Vyse Autumn Leaves Analysis
Although this second of Vyses new introductions, Autumn Leaves (Fig 83), was not referred to by Marsh in his Walker’s Monthly article, December 1928, it was however introduced that year titled, The Flower Girl. As with many of Vyse’s figures, names were often changed. The autumnal sprays in the basket, may have been the cause of the re-naming the figure Autumn Leaves. This is a quintessential Vyse figure, illustrating the reality of the social background from which the flower selling women sprang. The outdoor life in all weathers doubtlessly gave the women, their ruddy and weathered features, so unlike the pale creamy complexions of their Vyse counterparts. Moreover, Vyse is saying to us that flower sellers were not all in the first bloom of youth; some were old women having spent their life in the trade. Fig 84, illustrates three contemporary middle-aged flower women, they are seen at their regular pitch on the steps of Eros in Piccadilly Circus.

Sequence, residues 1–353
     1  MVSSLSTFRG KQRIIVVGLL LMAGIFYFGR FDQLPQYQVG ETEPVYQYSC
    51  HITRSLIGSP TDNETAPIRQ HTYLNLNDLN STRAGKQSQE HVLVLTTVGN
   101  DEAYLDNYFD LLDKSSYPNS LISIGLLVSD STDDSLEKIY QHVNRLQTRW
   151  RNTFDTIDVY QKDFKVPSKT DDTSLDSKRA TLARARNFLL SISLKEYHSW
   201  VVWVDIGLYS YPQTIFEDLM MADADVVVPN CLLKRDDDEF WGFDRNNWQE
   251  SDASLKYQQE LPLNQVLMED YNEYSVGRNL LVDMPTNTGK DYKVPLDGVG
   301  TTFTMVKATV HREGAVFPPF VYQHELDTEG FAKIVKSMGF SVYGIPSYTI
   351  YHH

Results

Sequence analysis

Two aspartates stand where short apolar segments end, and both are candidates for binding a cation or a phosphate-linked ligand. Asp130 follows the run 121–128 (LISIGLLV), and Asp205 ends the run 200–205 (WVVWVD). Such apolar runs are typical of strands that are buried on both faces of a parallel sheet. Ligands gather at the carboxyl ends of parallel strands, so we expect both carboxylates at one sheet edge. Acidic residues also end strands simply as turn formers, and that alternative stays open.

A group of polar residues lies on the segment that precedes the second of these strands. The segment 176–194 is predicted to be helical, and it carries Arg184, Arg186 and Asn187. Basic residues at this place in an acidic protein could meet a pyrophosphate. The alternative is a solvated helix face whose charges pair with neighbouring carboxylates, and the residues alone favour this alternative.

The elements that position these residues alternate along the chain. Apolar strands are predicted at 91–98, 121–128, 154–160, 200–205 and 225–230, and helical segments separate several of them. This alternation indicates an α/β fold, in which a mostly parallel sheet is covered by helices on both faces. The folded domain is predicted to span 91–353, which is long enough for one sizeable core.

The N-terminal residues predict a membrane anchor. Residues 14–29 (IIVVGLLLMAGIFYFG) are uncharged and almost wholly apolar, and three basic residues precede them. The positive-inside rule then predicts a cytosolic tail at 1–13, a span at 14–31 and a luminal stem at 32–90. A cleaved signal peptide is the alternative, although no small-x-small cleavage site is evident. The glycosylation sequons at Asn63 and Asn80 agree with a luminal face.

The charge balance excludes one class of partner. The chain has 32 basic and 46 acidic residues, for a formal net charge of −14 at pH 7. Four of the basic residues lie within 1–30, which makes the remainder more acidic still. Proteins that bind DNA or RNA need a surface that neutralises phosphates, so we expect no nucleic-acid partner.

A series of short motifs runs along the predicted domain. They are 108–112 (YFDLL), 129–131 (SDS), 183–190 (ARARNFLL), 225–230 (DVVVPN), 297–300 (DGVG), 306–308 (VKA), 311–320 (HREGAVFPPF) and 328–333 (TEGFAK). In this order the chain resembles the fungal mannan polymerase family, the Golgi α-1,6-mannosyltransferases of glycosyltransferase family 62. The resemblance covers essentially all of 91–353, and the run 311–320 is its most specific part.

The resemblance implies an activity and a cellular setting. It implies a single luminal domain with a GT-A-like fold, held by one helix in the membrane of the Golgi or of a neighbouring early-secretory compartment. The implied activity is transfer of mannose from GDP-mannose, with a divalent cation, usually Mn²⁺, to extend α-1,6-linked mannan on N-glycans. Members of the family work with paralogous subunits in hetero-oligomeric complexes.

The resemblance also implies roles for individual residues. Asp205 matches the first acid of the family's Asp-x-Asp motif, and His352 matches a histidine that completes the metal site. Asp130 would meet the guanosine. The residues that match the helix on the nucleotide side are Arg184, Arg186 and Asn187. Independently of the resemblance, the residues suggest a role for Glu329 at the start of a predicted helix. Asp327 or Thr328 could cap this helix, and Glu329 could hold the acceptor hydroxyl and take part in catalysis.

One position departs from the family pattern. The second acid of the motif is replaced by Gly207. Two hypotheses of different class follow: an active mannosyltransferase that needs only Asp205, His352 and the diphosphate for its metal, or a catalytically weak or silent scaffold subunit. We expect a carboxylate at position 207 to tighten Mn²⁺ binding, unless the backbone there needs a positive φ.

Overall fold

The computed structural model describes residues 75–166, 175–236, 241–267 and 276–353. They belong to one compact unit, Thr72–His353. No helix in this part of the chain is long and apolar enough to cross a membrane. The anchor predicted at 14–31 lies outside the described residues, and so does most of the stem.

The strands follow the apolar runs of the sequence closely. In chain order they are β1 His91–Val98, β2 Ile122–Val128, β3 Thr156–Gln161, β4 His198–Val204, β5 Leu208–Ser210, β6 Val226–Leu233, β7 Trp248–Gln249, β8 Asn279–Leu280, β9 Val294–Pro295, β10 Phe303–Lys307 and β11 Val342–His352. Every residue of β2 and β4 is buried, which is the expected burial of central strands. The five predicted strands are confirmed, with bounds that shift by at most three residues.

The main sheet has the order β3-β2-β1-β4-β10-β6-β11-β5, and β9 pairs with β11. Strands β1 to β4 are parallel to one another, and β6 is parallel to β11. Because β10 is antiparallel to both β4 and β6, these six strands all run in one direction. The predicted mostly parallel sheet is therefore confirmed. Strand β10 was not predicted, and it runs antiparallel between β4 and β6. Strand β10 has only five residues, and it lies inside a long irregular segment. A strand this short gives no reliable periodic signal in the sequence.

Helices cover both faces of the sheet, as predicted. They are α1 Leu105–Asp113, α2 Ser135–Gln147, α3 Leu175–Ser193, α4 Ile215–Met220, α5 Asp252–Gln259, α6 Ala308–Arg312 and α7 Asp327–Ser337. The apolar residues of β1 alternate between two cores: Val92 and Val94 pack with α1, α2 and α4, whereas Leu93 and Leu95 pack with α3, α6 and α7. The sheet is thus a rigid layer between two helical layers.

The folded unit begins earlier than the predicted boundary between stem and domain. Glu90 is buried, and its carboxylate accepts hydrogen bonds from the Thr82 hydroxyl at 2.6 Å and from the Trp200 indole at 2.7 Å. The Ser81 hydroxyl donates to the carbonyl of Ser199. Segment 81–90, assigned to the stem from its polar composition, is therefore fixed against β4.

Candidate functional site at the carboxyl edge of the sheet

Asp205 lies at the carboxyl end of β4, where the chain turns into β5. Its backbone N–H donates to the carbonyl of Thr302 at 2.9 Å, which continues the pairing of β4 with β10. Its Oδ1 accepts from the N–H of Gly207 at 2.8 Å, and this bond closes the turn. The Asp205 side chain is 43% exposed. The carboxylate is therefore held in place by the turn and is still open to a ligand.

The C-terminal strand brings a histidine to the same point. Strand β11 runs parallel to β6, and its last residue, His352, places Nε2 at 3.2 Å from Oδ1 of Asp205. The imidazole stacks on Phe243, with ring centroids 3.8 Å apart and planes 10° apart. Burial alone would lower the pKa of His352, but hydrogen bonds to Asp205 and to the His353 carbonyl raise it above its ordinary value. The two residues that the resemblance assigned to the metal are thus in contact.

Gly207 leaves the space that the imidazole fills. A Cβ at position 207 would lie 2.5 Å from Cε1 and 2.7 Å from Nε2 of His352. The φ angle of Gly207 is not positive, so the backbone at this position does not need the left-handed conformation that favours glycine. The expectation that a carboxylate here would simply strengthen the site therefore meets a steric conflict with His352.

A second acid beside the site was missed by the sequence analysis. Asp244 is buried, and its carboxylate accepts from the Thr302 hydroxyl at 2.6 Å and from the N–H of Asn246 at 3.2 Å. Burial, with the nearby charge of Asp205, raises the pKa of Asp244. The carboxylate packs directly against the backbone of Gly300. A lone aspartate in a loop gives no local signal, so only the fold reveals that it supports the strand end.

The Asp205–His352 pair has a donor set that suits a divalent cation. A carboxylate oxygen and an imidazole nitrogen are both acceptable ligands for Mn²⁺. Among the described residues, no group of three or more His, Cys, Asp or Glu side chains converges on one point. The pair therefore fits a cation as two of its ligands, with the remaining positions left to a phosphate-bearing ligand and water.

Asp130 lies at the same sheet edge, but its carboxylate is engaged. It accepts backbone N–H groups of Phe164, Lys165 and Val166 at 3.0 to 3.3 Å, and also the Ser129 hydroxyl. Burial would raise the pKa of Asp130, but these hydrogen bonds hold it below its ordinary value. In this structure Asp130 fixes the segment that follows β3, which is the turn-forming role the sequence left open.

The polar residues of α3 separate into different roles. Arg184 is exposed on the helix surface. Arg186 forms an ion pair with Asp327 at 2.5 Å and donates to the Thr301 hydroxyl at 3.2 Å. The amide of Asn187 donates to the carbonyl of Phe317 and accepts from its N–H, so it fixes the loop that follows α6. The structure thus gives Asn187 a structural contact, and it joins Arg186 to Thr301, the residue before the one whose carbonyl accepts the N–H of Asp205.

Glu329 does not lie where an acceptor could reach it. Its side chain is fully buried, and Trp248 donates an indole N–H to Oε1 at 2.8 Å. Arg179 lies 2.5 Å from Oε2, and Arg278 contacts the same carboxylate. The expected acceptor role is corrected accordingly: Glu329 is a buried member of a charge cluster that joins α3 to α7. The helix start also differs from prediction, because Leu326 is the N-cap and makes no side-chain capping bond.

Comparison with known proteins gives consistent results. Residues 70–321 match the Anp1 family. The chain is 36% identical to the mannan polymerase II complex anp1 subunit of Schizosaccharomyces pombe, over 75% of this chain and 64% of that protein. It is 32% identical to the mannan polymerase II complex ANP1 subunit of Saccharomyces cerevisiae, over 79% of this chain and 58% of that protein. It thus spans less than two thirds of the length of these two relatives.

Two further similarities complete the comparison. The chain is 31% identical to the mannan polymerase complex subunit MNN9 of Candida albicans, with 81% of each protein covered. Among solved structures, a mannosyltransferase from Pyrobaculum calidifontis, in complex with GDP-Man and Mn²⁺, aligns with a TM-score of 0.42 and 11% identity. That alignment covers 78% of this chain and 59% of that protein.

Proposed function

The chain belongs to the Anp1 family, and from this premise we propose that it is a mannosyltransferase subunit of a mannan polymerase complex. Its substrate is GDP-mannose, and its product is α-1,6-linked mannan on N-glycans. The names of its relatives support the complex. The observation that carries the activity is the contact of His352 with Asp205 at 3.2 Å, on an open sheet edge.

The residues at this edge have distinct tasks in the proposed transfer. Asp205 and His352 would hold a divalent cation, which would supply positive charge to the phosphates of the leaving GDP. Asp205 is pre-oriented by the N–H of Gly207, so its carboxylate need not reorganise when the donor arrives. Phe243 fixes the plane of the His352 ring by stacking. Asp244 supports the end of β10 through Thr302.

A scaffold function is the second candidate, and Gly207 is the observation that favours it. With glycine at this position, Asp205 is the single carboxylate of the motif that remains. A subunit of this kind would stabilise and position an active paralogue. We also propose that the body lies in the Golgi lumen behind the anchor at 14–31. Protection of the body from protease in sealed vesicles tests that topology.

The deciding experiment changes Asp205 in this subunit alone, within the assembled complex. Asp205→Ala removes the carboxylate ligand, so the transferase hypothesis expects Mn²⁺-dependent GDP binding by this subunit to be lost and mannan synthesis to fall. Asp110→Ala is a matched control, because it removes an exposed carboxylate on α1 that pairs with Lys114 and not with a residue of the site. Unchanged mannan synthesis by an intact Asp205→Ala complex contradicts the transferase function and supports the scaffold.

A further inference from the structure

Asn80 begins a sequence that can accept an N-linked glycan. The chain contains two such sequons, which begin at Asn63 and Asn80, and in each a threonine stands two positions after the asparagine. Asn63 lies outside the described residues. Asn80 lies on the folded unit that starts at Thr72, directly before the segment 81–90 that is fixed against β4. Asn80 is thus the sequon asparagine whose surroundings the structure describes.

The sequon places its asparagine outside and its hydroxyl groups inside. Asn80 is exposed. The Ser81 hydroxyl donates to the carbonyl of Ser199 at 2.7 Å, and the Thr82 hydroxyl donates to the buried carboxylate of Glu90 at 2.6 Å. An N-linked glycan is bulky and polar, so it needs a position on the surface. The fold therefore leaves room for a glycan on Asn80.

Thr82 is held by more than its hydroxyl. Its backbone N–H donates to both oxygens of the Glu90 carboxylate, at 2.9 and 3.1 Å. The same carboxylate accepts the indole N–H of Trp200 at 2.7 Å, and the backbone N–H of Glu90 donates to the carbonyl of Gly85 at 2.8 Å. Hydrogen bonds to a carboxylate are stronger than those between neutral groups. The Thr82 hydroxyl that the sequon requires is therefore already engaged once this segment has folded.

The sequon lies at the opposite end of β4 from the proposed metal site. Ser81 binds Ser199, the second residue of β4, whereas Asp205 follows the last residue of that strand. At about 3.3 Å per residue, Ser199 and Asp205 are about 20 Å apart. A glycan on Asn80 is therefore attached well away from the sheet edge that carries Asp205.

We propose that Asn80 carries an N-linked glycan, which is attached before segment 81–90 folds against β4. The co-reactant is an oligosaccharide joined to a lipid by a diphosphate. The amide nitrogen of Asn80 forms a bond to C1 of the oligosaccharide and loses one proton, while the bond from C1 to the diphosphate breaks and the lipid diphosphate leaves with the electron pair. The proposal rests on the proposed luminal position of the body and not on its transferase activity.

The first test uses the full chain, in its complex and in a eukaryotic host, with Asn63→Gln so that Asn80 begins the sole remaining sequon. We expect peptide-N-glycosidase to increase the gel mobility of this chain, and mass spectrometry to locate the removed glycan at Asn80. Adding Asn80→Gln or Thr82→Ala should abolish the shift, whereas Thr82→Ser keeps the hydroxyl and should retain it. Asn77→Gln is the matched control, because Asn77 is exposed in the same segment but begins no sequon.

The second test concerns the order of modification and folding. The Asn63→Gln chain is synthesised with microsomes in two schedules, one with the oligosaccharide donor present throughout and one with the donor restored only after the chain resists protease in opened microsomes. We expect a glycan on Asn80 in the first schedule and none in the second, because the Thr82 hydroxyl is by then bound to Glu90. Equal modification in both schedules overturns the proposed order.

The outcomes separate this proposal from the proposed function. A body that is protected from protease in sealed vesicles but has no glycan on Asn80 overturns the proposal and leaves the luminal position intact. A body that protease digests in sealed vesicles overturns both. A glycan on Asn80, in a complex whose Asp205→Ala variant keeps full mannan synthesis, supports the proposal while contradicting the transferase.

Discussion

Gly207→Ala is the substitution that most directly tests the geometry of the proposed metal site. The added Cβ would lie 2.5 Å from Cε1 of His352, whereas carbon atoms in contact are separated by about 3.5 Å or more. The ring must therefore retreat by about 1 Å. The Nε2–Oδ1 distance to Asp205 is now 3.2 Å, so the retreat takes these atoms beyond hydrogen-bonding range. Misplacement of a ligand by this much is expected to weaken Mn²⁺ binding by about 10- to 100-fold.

Parr …show more content…
Originally titled, Gypsy Woman with Child, it was eventually issued HN1301 Young Mother with Child (Fig. 86). In that same year Doultons also introduced a figure that was unlike anything previously modelled by Vyse. It was to be titled Gypsy Girl with Flowers, but after remodelling, issued as HN1302 The Gleaner (Fig. 87). Although it was suggested by Doultons that the unaccredited modeller had taken his inspiration form the paintings of Augustus John. It was Vyse’s opinion that both of these new figures owed their inspiration entirely to his own female Gypsy figures. The supposed correlation to his designs only caused him to fulminate with greater vigour against that firm. The figures were rescinded by 1938 and 1936 respectively. Doultons manufactured the two figures in earthenware and decorated with underglaze pigments. They were unusual in the Doulton manner being taller than the average at 14½ inches high (37